In the long hours between shifts, when Sharah could find stillness, if not quiet, she found her mind inexorably searching the noise for Markus. Like a reflex, like the needle of a compass always pointing north. After she had roused from her faint the only reason she could find for it was a sudden drop in her blood pressure. She could only conclude that she was over tired, over stimulated, and the sudden revelation had shocked her significantly. They had finished the meal Markus had made, talked for quite a bit longer, but eventually they both knew she needed sleep. Now, Sharah wished he had stayed, that she could talk to him. That out of everyone and anyone, he understood. And she simply…she smiled for the first time in days…she liked him, a lot.


Sharah passing out had sent Markus into a big of a panic. Feeling her mind whirling, and then suddenly she was out? He’d grabbed a tricorder from the desk. While it wasn’t rated for the much more detailed scans of a medical tricorder, it could still easily monitor vitals and give basic assessments. Blood pressure had gone out of whack. But it seemed to start coming back within moments. When she’d roused he’d been all sorts of relieved, but still worried. She gave herself a good once over, and seeme dokay. It didn’t stop him from worrying like a mother hen. It eased some though when she seemed to not be concerned. Then more when they turned to food. Truth be told he didn’t taste it much.

And as much as he would have liked to build an impenetrable thought-fortress, it wouldn’t help. She was a radio telescope that was lsitening on every band. And he was close and a pretty pure signal. Instead, he tried to put the conversation out of his mind. He succeeded only for a little while. By then, he hoped there was enough noise to drown him out, that he could hide in the static field. That alone made him feel even more guilty. He didn’t really want to hide from her, but he didn’t want to make her feel worse either with his own guilt.

It was a damn stupid thing to do, to just run his head like that. Information hazards were a real problem, and he’d dropped one on her without thinking. And it kind of broke her world view. He was a miserable, rotten friend, and damn irresponsible as a scientist. People had a right to the truth, and it as his job to find it. But that only stretched so far as their ability to handle those truths, or potential truths. Some people, when exposed to some information hazards, like The Basalisk… couldn’t handle it, and reacted negatively. Some even took their own life. He doubted it was that level of dangerous to Shar. But still, he knew he’d hurt her, damaged her, in ways he couldn’t even begin to guess at.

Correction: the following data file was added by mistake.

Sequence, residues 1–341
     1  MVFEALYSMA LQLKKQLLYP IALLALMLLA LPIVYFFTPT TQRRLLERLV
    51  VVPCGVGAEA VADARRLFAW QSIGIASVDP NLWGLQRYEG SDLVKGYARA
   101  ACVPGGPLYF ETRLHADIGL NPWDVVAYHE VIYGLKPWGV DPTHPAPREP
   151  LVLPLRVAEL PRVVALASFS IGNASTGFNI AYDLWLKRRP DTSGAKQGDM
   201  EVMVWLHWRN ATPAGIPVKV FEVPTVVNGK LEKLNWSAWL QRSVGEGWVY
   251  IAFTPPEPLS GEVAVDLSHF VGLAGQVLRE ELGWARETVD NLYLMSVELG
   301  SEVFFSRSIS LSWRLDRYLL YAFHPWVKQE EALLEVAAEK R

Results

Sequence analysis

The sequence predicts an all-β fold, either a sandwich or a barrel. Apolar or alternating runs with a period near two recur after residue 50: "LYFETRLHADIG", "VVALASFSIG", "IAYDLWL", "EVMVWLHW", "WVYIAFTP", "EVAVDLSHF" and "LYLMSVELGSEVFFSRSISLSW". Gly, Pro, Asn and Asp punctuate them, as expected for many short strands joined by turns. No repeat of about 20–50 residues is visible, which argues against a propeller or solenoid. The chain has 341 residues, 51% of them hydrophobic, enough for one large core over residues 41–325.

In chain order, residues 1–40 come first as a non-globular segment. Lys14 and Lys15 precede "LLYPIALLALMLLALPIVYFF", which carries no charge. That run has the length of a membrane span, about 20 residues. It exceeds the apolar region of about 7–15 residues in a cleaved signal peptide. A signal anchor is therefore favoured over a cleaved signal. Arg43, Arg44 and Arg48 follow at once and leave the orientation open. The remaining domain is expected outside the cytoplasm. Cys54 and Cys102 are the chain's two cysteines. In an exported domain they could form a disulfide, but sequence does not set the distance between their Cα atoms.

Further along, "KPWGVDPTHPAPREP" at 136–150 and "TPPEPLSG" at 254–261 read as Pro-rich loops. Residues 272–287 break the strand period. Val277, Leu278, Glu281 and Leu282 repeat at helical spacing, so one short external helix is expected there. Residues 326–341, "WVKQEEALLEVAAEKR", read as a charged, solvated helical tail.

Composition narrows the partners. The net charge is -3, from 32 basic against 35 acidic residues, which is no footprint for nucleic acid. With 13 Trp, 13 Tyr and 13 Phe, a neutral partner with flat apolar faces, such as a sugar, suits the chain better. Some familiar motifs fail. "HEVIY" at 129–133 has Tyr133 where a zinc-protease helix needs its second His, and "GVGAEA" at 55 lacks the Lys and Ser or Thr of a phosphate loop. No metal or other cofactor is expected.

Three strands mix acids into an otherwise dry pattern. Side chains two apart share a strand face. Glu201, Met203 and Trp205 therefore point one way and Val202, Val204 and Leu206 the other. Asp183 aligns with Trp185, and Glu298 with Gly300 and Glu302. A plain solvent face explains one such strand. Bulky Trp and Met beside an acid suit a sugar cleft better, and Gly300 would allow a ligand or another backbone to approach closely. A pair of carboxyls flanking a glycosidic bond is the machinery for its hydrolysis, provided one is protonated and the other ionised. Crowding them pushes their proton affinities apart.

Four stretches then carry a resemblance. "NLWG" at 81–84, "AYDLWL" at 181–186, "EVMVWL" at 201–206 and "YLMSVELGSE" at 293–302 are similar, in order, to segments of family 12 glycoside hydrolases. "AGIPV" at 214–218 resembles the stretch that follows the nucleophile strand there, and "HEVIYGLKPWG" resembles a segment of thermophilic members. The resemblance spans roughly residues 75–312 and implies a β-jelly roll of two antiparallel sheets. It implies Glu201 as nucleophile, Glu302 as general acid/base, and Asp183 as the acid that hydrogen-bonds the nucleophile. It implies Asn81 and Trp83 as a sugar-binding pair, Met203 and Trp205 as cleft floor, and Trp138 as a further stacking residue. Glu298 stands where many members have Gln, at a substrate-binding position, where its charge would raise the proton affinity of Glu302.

Miserable didn’t really cover how he felt.

He didn’t show up for Alpha shift. Or Beta shift. Nobody had seen him out and about. Just a notice in the system that his projects were on hold, he was taking a personal day. Sheridan could handle things in the meantime.

The next day he did show up. But he didn’t. Unkempt and rumpled, dark circles around his eyes. It seemed he hadn’t slept. Or if he did, there was no rest. He did the job though. And for a while he was able to forget, and seemed to liven up a little. When asked if he was alright, he waved it away. It was nothing. He didn’t want to talk about it. There was work to do. So on and so forth.

Then back to his quarters. Eat. Crap. Sleep. Work. Eat. Crap. Sleep. Rinse repeat.

He didn’t make anything, neither tinkering or cooking. For a while he messed with some games on his computer system, but quickly tired of them. Then turned to his guitar which he half-heartedly plucked at and toyed with. He did launch into a few songs here and there, but after a while grew quite still and resigned. Eventually … going to bed.

Rinse. Repeat. Going through the motions of the day. Putting on a fake smile when he needed to. But he wasn’t there. Not really. Still stuck in that moment. wishing like hell he hadn’t said anything. And missing her like he had a hole ripped in him.